France’s Champagne region in the country’s north is probably most famous for the sparkling wine which takes its name but even for those who don’t enjoy a glass of bubbles, Champagne offers plenty to see and do.
Many visitors will head straight for the ‘Champagne triangle’, the heart of the wine producing area, between Epernay, Reims and Chalons-en-Champagne. Epernay is home to the Moet-Hennessy group whose famous labels include Moet & Chandon, Mercier, Krug and Veuve Clicquot.
With so many labels producing so many bottles of Champagne every year, storage is a major priority and the group’s wine cellars stretch for 28 kilometres underground!
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At Reims, after visiting the home of Mumm and sampling a glass or two (guided experiences are available from €14), a visit to Reims Cathedral is a must-do. The Cathedral holds significant historical importance with every king of France since the 11th Century being crowned here. The present building was started in 1211 and Joan of Arc is believed to have attended the coronation of Charles VII here in 1429.
Other important sites at Reims include the Roman remains of Porte Mars (a triumphal arch) and the forum, whilst the Musee de Beaux Arts is home to a wonderful collection of canvases from the 15th and 16th Centuries which feature biblical scenes.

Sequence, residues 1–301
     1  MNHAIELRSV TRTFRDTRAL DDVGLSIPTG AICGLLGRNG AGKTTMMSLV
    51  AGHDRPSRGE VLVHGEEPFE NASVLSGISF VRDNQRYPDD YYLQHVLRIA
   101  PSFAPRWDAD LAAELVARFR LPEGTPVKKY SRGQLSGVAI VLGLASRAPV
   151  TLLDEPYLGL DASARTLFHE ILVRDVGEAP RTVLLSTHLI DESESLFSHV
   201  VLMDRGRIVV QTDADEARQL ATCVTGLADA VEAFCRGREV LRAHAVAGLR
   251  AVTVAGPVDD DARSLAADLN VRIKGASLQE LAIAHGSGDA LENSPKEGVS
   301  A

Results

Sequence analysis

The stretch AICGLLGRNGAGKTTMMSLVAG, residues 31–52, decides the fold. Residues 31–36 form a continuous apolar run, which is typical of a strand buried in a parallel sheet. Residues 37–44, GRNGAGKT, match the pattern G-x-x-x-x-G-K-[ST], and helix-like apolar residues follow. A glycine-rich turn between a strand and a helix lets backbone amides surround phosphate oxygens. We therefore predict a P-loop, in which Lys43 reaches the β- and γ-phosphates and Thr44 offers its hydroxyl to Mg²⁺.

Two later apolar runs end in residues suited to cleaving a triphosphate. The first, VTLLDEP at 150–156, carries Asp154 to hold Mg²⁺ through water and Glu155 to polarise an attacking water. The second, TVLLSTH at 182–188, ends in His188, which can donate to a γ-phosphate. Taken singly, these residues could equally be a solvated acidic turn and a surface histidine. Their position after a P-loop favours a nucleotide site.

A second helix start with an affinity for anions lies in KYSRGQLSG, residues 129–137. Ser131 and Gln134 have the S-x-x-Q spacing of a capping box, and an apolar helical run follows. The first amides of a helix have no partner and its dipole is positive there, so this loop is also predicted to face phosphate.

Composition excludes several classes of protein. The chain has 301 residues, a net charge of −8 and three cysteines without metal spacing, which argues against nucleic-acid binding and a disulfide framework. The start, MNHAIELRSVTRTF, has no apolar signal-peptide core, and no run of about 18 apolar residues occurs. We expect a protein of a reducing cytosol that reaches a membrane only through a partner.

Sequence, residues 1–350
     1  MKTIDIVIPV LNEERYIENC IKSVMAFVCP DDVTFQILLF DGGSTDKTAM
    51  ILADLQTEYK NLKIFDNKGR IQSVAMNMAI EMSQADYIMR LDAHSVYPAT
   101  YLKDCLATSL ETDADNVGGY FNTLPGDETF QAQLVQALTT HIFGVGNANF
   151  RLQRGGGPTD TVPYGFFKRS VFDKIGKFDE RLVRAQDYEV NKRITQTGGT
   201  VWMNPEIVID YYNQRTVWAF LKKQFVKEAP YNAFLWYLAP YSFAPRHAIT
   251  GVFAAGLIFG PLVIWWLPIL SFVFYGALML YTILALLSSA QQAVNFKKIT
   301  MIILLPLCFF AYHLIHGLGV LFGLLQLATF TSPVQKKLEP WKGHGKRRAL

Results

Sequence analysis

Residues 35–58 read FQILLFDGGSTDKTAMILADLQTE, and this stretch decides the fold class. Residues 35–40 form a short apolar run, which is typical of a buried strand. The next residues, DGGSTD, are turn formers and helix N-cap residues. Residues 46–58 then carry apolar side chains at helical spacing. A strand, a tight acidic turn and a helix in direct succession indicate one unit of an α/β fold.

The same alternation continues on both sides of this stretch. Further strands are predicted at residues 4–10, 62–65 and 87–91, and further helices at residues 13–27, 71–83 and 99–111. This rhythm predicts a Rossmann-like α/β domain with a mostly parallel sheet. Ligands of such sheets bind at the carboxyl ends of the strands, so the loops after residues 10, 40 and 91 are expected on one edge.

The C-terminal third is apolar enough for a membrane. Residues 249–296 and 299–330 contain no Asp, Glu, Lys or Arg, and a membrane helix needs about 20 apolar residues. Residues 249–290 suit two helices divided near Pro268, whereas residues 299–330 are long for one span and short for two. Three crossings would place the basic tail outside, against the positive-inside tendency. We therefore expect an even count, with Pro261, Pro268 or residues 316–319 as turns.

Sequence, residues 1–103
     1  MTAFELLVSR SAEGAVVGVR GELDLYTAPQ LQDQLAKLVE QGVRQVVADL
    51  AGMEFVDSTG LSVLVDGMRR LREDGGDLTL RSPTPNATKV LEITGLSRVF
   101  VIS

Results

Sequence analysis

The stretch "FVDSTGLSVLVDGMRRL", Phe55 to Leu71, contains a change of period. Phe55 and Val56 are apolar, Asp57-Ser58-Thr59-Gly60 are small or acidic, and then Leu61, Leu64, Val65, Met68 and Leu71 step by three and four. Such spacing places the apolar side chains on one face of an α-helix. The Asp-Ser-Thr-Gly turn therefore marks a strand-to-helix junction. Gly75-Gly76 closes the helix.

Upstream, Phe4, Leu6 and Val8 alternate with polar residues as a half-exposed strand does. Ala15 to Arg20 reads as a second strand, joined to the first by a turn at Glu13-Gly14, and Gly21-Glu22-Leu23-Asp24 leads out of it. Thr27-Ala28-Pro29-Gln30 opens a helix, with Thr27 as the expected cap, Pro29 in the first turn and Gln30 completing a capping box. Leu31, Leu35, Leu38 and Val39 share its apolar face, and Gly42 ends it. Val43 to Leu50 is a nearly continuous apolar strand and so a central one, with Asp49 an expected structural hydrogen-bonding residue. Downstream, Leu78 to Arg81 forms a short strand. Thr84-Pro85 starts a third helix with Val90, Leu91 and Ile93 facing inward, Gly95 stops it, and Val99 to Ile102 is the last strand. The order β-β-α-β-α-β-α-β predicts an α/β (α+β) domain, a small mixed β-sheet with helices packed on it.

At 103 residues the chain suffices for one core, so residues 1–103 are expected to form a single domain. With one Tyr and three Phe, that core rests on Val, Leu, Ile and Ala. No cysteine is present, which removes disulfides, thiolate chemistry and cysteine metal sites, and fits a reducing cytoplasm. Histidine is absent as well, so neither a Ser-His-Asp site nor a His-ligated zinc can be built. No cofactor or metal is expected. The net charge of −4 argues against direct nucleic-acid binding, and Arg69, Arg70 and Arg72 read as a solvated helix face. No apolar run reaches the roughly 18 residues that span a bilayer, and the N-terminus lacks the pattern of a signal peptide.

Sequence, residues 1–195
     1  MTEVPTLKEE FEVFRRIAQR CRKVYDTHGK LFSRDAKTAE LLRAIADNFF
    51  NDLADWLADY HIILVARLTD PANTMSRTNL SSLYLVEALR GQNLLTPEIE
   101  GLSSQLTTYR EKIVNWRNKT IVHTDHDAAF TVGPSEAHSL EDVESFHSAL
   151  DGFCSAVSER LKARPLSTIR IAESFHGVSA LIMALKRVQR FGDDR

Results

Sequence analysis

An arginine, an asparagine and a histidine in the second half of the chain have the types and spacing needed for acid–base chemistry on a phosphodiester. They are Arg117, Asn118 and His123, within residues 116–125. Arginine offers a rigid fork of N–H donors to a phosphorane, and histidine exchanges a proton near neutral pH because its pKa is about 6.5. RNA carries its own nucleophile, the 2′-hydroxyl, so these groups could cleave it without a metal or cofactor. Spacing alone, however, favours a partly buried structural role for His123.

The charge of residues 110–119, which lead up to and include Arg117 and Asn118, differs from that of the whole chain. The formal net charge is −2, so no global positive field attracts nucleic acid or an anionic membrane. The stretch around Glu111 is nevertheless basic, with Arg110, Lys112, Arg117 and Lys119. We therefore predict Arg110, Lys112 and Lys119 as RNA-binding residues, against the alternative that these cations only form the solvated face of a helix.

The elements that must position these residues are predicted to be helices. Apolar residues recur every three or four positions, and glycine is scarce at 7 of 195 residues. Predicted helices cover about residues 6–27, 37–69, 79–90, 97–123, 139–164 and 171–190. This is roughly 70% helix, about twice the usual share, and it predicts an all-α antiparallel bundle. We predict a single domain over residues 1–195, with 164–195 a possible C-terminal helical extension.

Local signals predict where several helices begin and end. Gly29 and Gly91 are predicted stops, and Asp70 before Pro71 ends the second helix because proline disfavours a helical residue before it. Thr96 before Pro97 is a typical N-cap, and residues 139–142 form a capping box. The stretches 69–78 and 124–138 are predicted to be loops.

The third town in the ‘Champagne triangle’ is Chalons-en-Champagne. Here you’ll find traditional half-timbered houses, canals, a medieval old town and stunning stained glass windows in the magnificent Cathedral St-Etienne.
Other notable towns in Champagne include Troyes and Chaumont. Just 23 kilometres north of Chaumont lies a memorial to the former French General and President, Charles de Gaulle. The giant granite cross of Lorraine was erected in 1972 to honour the former French leader and now dominates the landscape.
If you’re looking to get active on your visit to Champagne, the Ardennes, a thick forested area, lies on the border between Champagne and Belgium and is popular with walkers and nature lovers.
Here you’ll find just some of the 5,000 kilometres of footpaths and walking routes in the region. There are also 400 kilometres of cycling paths, many of which follow the banks of Champagne’s many lakes.
After a day of exploring the region, make sure you sample the local fare which often includes stuffed trout, Ardennes ham and the famous sausages called ‘andouillettes’ – all washed down with a glass of Champagne, of course!
How to get to Reims
The city of Reims is situated in the north east of France, 145km from Paris. The most direct route by car is via the A4 motorway, with a driving time of around 1.5 hours.
TGV rail services operate multiple times per day between Paris and Reims with a journey time of less than 50 minutes.